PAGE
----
1. Start by peeling and chopping the garlic cloves, julienning the cucumber, and chopping the scallions. You can chop the scallions or slice them into long ribbons. Set all of this aside. (Here's a video I found on how to julienne a cucumber.)
2. Cook the instant ramen noodles in a pot of boiling water for 3 to 5 minutes until al dente and drain. Drizzle a bit of sesame or olive oil on them and toss so that they don't stick. Then, shake some soy sauce or Maggi on the noodles and toss well to flavor them.
3. In a small pot, heat up a few teaspoons of the chili oil and the chopped garlic until it sizzles. Then add your bolognese sauce. Stir it around and taste. If you want it more spicy, add more chili oil. While you're at it, grind some black pepper into the sauce. Once it gets bubbling hot, turn off the heat.
4. Place the noodles in a bowl and top with the sauce, scallions, and julienned cucumber.
Yes. This really happened on a Friday night: I bought 9 1/2 Weeks on iTunes and watched it while eating a bowl of instant ramen noodle soup, to which I added chopped scallions and an egg in an attempt to add more nutritional value.
For those of you who don't know, it chronicles the complicated and risqué relationship that unfurls between Elizabeth, a vulnerable SoHo gallerist (played by Kim Basinger), and John, a Wall Streeter who possesses the qualities of an everyday psychopath (played by Mickey Rourke).
Other than the fact that it takes place in New York City, what I love about this film is Kim Basinger's look and wardrobe: Her tousled hair and smudgy eyeliner... The silky ivory blouse, slouchy sweaters, razor-sharp skirt suit... And sexy black dresses... Rent or buy this movie immediately!
Oops, I did it again.
I fell in love with a pair of shoes. Acne's ankle-wrapped, block-heeled "Terra" pumps, to be exact.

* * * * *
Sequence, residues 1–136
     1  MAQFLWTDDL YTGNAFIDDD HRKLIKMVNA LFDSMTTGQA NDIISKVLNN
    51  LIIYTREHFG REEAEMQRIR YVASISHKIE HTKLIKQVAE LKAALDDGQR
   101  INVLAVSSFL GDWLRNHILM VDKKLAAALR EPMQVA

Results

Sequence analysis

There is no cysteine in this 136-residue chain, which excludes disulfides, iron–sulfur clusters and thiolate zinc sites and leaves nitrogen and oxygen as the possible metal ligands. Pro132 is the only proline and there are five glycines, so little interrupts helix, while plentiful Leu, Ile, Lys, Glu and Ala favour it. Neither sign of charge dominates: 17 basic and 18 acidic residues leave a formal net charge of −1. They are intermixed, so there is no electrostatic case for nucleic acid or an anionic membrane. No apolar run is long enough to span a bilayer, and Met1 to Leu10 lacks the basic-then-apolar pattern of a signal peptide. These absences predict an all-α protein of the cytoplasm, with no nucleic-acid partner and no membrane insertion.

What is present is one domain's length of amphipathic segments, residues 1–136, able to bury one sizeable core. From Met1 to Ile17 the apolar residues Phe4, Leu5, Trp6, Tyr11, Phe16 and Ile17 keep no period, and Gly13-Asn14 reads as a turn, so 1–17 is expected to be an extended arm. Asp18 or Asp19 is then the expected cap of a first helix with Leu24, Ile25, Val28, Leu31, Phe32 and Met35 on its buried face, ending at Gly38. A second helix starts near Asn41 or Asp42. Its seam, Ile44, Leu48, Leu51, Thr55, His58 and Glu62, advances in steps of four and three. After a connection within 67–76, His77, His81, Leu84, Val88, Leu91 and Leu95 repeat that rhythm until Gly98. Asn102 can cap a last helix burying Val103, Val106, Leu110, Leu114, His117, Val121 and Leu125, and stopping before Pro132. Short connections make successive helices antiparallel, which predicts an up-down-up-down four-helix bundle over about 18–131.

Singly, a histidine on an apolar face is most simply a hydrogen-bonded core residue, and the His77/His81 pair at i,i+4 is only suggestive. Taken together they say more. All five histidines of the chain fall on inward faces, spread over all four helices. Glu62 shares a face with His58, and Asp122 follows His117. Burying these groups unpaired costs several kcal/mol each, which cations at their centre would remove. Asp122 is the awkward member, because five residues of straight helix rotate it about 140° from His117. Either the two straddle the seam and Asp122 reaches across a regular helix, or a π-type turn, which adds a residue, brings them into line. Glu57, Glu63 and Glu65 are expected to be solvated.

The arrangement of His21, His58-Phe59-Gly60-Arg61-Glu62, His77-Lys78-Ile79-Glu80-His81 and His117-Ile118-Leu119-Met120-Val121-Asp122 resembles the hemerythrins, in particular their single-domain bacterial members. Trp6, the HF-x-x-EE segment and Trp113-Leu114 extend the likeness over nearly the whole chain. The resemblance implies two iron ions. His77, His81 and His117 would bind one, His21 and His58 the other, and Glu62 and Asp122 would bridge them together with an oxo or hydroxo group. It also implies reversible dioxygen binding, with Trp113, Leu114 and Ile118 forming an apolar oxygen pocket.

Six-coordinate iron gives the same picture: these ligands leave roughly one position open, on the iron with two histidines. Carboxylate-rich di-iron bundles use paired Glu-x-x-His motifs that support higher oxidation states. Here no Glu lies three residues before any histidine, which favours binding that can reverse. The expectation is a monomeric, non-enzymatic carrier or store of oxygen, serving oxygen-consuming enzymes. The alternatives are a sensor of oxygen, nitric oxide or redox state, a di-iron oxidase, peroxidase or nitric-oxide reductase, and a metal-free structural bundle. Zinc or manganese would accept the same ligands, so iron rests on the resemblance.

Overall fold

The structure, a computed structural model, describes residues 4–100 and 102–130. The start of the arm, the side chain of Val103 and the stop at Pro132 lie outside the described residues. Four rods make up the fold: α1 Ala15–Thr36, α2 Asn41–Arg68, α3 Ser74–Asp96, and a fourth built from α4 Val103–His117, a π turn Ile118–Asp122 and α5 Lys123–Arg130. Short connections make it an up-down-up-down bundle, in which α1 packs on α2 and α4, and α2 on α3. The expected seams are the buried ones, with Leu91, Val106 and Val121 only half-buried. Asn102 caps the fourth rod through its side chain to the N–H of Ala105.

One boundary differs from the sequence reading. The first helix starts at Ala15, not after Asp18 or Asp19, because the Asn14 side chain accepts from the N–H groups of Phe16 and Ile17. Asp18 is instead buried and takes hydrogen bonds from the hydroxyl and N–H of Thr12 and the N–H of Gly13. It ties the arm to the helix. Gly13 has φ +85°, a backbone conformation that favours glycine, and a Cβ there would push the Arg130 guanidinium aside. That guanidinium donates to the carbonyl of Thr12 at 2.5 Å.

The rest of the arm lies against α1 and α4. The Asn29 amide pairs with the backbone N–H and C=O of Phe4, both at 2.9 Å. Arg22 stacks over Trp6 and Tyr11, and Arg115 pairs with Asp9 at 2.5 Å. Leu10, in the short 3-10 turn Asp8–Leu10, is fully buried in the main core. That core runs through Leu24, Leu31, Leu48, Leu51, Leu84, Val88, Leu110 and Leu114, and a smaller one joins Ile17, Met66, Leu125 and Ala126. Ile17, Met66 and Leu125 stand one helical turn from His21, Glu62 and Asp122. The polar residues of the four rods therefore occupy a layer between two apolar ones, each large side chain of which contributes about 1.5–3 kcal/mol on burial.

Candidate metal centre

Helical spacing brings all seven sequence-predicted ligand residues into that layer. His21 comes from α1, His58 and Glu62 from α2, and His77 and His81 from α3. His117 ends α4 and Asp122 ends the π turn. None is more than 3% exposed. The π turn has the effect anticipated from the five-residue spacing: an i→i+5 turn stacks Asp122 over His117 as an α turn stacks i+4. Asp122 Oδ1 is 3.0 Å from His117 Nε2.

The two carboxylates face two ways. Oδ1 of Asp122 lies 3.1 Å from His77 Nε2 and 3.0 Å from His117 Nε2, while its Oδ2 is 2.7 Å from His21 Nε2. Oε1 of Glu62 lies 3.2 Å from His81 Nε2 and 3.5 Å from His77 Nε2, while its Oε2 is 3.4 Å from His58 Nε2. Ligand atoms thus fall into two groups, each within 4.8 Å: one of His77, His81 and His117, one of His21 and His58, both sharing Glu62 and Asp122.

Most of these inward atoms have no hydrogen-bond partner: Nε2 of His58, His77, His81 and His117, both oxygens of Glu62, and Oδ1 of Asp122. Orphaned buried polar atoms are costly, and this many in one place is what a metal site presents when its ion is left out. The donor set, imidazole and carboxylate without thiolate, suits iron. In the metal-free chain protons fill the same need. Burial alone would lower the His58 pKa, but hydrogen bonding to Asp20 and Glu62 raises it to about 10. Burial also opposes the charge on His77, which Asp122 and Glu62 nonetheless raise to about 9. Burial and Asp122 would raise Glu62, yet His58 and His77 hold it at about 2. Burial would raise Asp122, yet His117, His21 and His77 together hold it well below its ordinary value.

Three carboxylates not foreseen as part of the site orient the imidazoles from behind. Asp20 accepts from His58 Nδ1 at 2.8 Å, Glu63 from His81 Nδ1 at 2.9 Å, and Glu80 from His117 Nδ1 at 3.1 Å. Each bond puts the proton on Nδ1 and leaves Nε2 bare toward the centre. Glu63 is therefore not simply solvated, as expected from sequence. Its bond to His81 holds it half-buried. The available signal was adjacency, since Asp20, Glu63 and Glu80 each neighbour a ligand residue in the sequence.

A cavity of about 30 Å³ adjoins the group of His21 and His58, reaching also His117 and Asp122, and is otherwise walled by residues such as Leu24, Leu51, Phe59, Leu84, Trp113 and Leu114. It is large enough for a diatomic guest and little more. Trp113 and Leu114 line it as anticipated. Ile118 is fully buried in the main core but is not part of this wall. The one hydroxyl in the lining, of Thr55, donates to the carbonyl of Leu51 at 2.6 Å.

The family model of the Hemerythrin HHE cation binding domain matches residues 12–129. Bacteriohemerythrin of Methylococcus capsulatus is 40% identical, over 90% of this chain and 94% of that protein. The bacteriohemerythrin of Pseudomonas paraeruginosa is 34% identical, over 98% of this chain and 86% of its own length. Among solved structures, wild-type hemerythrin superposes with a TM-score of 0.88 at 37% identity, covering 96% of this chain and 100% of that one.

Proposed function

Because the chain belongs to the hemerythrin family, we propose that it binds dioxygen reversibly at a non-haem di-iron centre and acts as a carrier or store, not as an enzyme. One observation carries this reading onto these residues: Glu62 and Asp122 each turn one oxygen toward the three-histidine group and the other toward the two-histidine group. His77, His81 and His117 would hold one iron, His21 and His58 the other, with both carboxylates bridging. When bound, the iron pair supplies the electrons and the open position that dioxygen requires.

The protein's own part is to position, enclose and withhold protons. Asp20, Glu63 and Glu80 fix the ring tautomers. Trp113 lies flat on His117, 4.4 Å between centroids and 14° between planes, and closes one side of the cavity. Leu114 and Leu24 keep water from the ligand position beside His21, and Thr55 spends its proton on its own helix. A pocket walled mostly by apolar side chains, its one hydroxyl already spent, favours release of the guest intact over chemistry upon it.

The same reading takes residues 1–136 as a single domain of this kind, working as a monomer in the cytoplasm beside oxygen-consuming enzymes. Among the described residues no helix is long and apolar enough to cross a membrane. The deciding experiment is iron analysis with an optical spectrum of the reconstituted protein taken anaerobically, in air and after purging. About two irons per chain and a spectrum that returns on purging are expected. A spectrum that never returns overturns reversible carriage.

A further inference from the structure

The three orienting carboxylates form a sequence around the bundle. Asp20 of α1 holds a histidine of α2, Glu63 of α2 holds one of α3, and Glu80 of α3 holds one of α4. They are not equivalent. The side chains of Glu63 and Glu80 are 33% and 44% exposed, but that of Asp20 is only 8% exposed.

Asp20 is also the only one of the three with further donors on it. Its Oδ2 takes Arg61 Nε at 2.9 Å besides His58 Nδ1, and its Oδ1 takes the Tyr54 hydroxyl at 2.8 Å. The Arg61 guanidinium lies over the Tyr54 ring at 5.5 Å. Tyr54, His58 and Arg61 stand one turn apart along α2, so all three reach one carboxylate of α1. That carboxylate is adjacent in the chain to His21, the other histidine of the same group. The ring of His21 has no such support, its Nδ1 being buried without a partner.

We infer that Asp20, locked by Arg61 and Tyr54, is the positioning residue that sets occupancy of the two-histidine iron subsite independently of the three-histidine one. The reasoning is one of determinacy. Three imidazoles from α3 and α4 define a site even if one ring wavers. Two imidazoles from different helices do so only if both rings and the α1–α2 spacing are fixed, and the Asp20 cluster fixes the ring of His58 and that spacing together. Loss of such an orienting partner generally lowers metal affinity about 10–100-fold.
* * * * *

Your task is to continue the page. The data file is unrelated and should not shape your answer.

They're the kind of shoes that look sort of odd and hideous on display, but, when I tried them on, I just knew. It was like Cinderella's foot sliding perfectly into that glass slipper. What's special to me about these shoes is that they're sexy, but not in that typical Louboutin way. There's a certain allure in the confidence and boldness of the design. I was seduced.
I knew that I wanted them. It wasn't a question of if I would buy them. It was a matter of when, and, really, if we're to get down to it, how.
The obstacle for the "how" was my budget. I had been checking things off of my fall shopping list left and right and didn't expect to come across these beauties. They weren't on the list, so, I added them as "day-to-night heels."
On the same day that I made the purchase, I bought a 5-pack f instant ramen noodles, which I figured would cover dinner Monday through Friday. I also swore that I would make cut-backs on everything else in order to balance out this expense.
Strangely, this was a reminder that life is just moving pieces: If you want this, cut back on that... And so forth. When you really want to make something happen, there's always a way. Not entirely sure this was the most responsible way to go about it, but the answer is always there–you just have to figure it out.